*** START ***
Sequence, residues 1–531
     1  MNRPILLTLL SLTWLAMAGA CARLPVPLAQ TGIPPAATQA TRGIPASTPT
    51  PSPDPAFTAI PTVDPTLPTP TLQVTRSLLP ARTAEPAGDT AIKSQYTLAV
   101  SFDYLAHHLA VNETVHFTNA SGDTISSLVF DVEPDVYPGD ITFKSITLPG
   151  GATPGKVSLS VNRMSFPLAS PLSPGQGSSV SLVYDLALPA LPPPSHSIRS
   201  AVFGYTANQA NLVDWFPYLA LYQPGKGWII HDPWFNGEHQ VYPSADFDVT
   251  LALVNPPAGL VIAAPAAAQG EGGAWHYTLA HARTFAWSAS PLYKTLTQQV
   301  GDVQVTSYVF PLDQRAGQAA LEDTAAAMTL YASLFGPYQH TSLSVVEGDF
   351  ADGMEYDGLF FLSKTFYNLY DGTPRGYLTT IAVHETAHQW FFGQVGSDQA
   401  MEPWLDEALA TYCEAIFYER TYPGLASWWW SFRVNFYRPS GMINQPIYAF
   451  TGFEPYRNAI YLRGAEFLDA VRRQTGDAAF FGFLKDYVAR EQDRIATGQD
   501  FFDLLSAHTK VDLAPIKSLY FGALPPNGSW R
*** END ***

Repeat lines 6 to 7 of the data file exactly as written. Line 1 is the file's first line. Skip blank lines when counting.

   201  AVFGYTANQA NLVDWFPYLA LYQPGKGWII HDPWFNGEHQ VYPSADFDVT
   251  LALVNPPAGL VIAAPAAAQG EGGAWHYTLA HARTFAWSAS PLYKTLTQQV